But users will only accept them if they are unobtrusive and ‘working perfectly’. And this drives today’s technology development. Soeren Steudel, principal scientist at imec, discusses the trends in infotainment, how they translate into technology and how they might impact our lives in 2035...
“It is the year 2035... Three designers collaborating on an art project have gathered in the gallery where they will soon release their newest creation. They all wear stylish augmented reality (AR) glasses allowing them to virtually overlay the latest mock-up of their art object on the real gallery environment. They can even touch the virtual object, manipulate it and change its shape with their hands. All three of them can evaluate – in real time – the impact of the manipulations from their point of view. When they eventually agree on the object’s final shape and color, they send their creation to a 3D printer to have a first prototype of their artwork.”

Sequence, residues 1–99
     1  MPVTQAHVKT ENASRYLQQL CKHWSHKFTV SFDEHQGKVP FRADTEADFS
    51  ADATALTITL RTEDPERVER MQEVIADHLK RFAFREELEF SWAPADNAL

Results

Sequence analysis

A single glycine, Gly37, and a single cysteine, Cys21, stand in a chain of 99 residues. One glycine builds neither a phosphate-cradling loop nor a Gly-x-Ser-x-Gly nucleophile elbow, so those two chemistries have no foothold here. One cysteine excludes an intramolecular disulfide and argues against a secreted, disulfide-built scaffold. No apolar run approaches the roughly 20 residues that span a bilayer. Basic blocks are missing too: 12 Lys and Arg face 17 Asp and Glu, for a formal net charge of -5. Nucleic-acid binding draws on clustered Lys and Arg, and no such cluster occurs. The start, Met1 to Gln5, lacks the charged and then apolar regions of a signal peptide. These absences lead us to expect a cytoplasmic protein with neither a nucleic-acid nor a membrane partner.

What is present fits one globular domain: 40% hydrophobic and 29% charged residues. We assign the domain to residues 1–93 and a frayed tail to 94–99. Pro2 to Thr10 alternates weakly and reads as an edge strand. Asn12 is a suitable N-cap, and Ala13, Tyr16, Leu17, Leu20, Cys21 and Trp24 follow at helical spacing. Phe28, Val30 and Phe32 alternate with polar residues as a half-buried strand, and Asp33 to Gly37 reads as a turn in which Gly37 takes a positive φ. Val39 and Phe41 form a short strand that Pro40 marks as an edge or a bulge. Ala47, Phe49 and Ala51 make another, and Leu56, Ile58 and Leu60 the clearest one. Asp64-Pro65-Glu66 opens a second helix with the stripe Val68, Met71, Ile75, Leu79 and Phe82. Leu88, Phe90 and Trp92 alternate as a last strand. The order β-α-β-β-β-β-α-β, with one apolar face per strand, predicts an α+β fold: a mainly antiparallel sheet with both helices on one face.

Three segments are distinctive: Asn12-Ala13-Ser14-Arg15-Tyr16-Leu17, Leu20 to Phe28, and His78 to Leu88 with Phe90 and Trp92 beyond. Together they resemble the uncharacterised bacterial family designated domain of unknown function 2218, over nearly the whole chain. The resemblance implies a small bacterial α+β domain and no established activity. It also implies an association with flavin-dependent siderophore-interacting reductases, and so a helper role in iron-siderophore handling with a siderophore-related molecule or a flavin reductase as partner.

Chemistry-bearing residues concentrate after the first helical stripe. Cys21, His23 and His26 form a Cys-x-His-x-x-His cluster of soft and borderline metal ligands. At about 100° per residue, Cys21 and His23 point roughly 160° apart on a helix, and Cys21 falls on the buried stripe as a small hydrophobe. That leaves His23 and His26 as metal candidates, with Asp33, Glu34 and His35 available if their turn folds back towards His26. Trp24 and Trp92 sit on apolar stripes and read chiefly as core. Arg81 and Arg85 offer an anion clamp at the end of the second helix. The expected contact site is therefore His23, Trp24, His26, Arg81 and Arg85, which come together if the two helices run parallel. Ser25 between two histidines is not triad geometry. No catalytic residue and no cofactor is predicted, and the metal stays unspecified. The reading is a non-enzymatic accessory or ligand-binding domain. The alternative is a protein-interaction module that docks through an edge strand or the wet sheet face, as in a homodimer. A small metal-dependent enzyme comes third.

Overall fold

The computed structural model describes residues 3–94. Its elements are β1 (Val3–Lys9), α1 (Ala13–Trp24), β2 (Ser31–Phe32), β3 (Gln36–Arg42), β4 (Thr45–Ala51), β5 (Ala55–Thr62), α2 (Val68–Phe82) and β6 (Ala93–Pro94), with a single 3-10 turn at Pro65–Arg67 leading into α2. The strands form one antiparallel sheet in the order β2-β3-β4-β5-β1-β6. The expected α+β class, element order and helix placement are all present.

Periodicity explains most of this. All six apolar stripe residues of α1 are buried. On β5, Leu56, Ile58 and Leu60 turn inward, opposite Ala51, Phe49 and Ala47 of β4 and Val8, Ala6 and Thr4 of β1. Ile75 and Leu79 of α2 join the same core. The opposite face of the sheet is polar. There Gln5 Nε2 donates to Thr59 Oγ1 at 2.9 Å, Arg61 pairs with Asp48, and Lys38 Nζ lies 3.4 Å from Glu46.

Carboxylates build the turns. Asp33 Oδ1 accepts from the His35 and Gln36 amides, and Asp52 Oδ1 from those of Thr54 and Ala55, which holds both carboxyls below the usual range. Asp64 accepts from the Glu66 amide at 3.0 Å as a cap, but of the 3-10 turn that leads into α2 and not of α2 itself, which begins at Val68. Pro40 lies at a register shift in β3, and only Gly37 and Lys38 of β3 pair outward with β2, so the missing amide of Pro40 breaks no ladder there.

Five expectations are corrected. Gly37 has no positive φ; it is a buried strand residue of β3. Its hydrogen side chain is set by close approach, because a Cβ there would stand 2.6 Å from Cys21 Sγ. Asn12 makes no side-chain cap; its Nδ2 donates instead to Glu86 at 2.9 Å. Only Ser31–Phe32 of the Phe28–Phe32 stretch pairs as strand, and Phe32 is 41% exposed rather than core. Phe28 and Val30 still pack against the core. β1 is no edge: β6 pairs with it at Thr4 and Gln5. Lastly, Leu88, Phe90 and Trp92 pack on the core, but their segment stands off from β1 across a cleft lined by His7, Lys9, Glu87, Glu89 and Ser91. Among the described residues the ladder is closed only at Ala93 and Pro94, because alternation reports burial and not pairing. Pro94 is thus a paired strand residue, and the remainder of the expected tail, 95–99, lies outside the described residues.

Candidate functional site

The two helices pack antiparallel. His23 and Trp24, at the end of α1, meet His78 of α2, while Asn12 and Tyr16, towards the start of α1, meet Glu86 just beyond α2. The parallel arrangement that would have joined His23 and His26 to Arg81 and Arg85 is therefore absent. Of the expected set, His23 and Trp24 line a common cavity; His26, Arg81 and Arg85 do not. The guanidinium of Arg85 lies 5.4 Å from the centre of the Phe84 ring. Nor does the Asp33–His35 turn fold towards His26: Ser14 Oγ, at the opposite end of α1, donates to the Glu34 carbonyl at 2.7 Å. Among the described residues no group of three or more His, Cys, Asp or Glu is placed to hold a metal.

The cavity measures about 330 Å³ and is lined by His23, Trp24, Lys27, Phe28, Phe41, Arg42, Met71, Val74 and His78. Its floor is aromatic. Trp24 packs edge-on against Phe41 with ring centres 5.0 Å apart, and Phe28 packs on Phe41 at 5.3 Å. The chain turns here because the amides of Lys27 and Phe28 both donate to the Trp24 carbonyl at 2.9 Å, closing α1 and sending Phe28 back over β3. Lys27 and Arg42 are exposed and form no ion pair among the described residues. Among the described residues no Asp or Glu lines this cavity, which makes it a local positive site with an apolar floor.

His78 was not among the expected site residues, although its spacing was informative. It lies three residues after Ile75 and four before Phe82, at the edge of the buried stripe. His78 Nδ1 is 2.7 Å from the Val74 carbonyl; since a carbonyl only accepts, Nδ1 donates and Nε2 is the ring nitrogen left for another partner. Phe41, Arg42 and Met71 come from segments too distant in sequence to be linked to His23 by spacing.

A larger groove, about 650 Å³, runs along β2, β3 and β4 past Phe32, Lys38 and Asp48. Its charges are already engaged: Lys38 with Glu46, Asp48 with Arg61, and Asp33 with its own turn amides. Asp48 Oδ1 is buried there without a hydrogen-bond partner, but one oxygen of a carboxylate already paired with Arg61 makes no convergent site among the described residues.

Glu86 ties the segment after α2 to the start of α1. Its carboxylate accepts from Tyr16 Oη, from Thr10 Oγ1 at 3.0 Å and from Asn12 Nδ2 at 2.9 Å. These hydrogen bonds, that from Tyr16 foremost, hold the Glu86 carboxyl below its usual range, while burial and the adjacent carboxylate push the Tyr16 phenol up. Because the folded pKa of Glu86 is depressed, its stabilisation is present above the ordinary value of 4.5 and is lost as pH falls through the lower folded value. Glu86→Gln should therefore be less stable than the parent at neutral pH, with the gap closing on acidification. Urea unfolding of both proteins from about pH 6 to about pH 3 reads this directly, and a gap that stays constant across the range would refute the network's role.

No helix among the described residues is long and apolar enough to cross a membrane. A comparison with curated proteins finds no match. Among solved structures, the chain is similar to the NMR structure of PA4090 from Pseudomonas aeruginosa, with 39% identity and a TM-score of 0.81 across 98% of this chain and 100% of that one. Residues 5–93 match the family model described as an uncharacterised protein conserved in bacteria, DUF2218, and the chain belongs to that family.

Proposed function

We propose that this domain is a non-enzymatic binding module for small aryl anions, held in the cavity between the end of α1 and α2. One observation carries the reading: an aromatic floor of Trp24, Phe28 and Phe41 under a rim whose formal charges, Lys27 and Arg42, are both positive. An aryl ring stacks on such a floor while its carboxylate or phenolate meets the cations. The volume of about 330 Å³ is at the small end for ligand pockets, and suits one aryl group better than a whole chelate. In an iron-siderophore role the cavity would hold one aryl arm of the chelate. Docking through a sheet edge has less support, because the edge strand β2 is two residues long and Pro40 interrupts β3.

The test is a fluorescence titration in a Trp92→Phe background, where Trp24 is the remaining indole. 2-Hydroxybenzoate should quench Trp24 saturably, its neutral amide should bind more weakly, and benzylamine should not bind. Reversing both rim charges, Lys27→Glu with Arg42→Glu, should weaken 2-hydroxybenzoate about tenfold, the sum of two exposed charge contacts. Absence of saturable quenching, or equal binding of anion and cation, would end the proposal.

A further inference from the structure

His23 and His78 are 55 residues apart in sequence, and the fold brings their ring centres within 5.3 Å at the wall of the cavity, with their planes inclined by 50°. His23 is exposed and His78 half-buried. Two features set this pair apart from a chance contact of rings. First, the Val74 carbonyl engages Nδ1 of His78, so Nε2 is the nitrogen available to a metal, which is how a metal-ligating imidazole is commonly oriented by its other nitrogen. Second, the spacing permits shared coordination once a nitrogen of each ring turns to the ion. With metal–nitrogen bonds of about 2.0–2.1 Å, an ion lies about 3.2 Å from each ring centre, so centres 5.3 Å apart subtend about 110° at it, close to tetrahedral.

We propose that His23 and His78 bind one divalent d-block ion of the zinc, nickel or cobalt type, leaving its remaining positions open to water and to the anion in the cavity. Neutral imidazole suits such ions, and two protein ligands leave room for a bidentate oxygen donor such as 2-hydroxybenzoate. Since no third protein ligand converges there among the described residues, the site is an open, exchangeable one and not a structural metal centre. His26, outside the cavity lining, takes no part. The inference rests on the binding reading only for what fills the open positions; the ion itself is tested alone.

Towards increased natural human experience
A scenario like this builds on the big trends that we see in infotainment and on how those translate into new technologies. Infotainment can be described as the way we interact with electronics on a personal level, in numerous domains such as industry, healthcare, entertainment, education, communication etc. Today, dominant designs in infotainment systems are for example digital cinema, the (connected) tv, ‘Alexa’ audio home control systems, the pc, gaming consoles and smartphones. In this sequence, they answer an ongoing trend towards ever more mobility, and hence more energy constraints. But they all have one thing in common: they interface with human beings using only a limited number of human senses – being sight, hearing and, to a limited extent, touch.